is bounded by $o (x^{\frac{1}{2} + \varepsilon})$ for all $\varepsilon > 0$ as the real number $x$ defining the sequence tends to infinity. The Farey sequences themselves are rational numbers less than 1, and fit onto the binary Farey tree described by Vepstas. The ends of the infinite tree fit onto the boundary of the Poincare disc, when the modular domain view is mapped there. Thus the interval markers above may be exchanged for roots of unity on the unit circle, and these compared to the leaves of the Farey tree.

Kauffman et al (p 51) show that this version of the Riemann hypothesis is equivalent to a question about messy unknots. They also look at DNA recombination. Unknots described by rational tangles are labelled by the pairs of adjacent rationals in a Farey sequence. So two tangles labelling two adjacent leaves of the tree at infinity can be used to construct unknots.

[1] H. M. Edwards, Riemann’s Zeta Function, Academic Press (1974)

## Have a Nice Day

I apologise for moving off topic today, but I found this Smile Test very interesting. Apparently, most people are not as good at telling fake smiles as they think they are. The theory is that people are easily fooled because it is socially convenient not to know what people are thinking. Despite my expectations of doing badly, I actually did really well on this test (17/20). Now I realise that it’s easier not to care what people think when one’s ability to detect fakeness makes it impractical to take such things into account.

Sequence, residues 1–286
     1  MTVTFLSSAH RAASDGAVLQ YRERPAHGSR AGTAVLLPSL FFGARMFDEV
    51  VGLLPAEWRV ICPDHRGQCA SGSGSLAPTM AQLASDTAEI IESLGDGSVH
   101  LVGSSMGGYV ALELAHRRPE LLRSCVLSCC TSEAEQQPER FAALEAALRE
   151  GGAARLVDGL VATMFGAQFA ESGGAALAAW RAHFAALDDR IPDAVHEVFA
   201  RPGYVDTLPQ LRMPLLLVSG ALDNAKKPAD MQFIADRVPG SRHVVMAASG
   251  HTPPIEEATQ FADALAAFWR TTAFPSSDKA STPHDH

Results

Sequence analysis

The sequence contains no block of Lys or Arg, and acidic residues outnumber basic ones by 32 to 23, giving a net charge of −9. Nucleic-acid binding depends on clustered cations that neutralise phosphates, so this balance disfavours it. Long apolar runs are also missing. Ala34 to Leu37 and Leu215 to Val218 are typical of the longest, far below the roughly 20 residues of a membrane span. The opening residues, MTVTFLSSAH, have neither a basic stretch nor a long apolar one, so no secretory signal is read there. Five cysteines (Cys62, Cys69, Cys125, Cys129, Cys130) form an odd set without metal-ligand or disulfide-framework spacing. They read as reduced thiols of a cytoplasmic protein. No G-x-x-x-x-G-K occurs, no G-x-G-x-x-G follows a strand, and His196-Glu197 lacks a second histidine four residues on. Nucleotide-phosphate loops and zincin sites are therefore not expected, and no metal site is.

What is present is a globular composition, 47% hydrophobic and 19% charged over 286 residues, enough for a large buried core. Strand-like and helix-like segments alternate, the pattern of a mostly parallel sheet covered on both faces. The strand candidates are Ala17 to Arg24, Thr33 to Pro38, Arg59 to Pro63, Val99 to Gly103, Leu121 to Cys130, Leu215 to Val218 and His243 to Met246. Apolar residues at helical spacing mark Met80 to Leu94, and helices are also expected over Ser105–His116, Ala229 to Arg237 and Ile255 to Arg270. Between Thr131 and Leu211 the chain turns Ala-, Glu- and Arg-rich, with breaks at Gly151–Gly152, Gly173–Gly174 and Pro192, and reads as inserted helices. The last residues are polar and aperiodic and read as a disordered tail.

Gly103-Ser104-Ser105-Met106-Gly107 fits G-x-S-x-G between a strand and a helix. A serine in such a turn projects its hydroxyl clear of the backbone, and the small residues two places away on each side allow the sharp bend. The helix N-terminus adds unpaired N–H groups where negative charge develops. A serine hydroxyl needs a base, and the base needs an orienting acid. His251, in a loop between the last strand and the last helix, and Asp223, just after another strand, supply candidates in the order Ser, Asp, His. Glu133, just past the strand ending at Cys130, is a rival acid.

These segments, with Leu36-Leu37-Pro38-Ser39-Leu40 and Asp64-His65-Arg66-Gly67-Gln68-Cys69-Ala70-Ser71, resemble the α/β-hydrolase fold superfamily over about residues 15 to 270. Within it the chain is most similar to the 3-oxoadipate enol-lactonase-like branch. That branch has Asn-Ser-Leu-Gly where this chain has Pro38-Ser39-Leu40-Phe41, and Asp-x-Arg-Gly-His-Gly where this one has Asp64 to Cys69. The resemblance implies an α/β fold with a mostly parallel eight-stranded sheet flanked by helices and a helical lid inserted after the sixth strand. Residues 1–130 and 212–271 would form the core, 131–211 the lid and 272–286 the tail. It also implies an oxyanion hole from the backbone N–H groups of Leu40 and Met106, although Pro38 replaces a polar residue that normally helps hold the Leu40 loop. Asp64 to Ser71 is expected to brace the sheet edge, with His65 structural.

Ars Mathematica finally reports a retract of the claimed disproof of The Hypothesis. David Ben-Zvi has kindly provided notes on the recent Chicago conference, where Goncharov was talking about Motives, path integrals and trivalent graphs. Sounds intriguing. OK, I printed out the notes. Wow. OMG. Goncharov claims to have identified the category of mixed motives (a.k.a. the holy grail for ordinary real/complex geometry) in terms of path integrals for projective varieties. For instance, when the variety corresponds to modular subgroups indexed by $\hbar = \sqrt{N}^{-1}$, as in TGD or $N$-fold covers of moduli spaces, one gets Langlands from the cohomology. He concludes with a statement that Feynman integrals (with observables) are valued in motivic cohomology. Yeah, duh, the physicists know that. We just don’t know how we’re ever going to learn that much mathematics.